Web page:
Surviving Climate Change – Some Geopolitical Indicators & Markers

[ Proposed chapter for the book “Surviving Climate Change”; finally published in “Time Up” the Climate Camp publication for 2006. ]

Surviving Climate Change – Some Geopolitical Indicators & Markers
by Tim Helweg-Larsen and Jo Abbess
23rd June 2006

“I kind of startled my country when, in my State of the Union [Address], I said we’re hooked on oil and we need to get off oil…we’ve got to diversify away from oil. And the best way to do it is through new technologies.” George W. Bush, President United States of America 21st June 2006

“We find that clean and more efficient technologies can return soaring energy-related CO2 emissions to today’s levels by 2050 and halve the expected growth in both oil and electricity demand” Claude Mandil, International Energy Agency, 22nd June 2006

“The policy of the Bush administration on climate change has not been helpful on the international effort..“We would have been further forward on climate change had there been a more engaged US position.” John Ashton, UK Climate Change Special Representative 23rd June 2006

The last 300 years have been the era of actualised human invention – industry with cheap energy has enabled high technology, taking what were once only far-fetched dreams and making them reality.

The last 50 years have been the era of actualised human greed – salesmanship with arch-materialism – through the use of high technology – has enabled the acquisition of great wealth and resources, concentrated in the hands of the few.

“Everything we do must be for this one central purpose: increased personal prosperity and well-being.” United Kingdom Prime Minister Tony Blair, 14th January 2005

“The gap between rich and poor is growing, both within and between countries. A few hundred millionaires now own as much wealth as the world’s poorest 2.5 billion people.” Economics Forever, Panos Media Briefing No 38, March 2000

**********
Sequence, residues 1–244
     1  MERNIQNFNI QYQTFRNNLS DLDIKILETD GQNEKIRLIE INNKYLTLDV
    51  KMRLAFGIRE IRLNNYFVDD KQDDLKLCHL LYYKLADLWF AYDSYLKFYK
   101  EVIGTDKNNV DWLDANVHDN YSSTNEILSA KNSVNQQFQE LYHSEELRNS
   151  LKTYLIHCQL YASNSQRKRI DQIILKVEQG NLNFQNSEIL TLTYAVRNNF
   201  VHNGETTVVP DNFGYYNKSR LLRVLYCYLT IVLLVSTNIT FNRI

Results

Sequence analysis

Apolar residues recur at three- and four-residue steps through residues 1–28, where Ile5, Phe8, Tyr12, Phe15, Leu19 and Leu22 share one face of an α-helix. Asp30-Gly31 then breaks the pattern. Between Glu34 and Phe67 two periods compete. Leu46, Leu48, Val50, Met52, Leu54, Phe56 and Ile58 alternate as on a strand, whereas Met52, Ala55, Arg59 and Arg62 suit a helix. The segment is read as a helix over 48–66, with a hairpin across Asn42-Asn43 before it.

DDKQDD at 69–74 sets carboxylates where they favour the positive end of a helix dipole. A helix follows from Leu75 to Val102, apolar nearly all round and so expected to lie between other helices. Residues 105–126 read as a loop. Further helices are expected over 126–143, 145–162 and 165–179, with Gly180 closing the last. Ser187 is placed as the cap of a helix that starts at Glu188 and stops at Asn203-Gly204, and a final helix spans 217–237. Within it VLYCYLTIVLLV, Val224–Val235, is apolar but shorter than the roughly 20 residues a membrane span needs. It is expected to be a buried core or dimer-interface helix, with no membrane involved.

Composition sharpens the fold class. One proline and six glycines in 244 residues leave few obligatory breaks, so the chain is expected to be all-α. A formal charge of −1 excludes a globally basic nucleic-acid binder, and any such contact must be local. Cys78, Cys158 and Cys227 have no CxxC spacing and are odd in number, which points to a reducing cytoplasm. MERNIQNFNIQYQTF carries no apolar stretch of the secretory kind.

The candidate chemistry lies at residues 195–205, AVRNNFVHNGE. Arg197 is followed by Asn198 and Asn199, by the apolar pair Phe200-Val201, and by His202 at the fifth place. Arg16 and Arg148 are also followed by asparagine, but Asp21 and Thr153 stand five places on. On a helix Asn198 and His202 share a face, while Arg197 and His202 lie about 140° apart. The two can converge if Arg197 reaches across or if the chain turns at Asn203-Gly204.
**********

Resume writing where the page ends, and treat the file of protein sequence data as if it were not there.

“We are concerned that the links between projected economic change in the world economy and climate change have not been as rigorously explored as they should have been by the IPCC.” The Economics of Climate Change, UK House of Lords, 6 July 2005

“From the start of the industrial revolution more than 200 years ago, developed nations have achieved ever greater prosperity and higher living standards. But through this period our activities have come to affect our atmosphere, oceans, geology, chemistry and biodiversity.” Tony Blair, 14th September 2004

Since the end of the Second World War, the Americanisation of aspiration has taken hold of our societies and cultures – and people have been sold the lie of perpetual prosperity.

“Any progress achieved in addressing the goals of poverty and hunger eradication, improved health, and environmental protection is unlikely to be sustained if most of the ecosystem services on which humanity relies continue to be degraded,” Millenium Ecosystem Assessment, 30th March 2005.

“While science tells us that the threat of climate change is real and already occurring, it’s the world’s poorest people — those least responsible for climate change — who are most prone to suffer from its effects.”, John Podesta, Center for American Progress 7th June 2006

Worldwide – as a whole – poverty has increased – and not just poverty in monetary terms. Natural wealth has been plundered, both mineral and living – and Climate Change is degrading the livelihoods of humans and destroying plant and animal populations.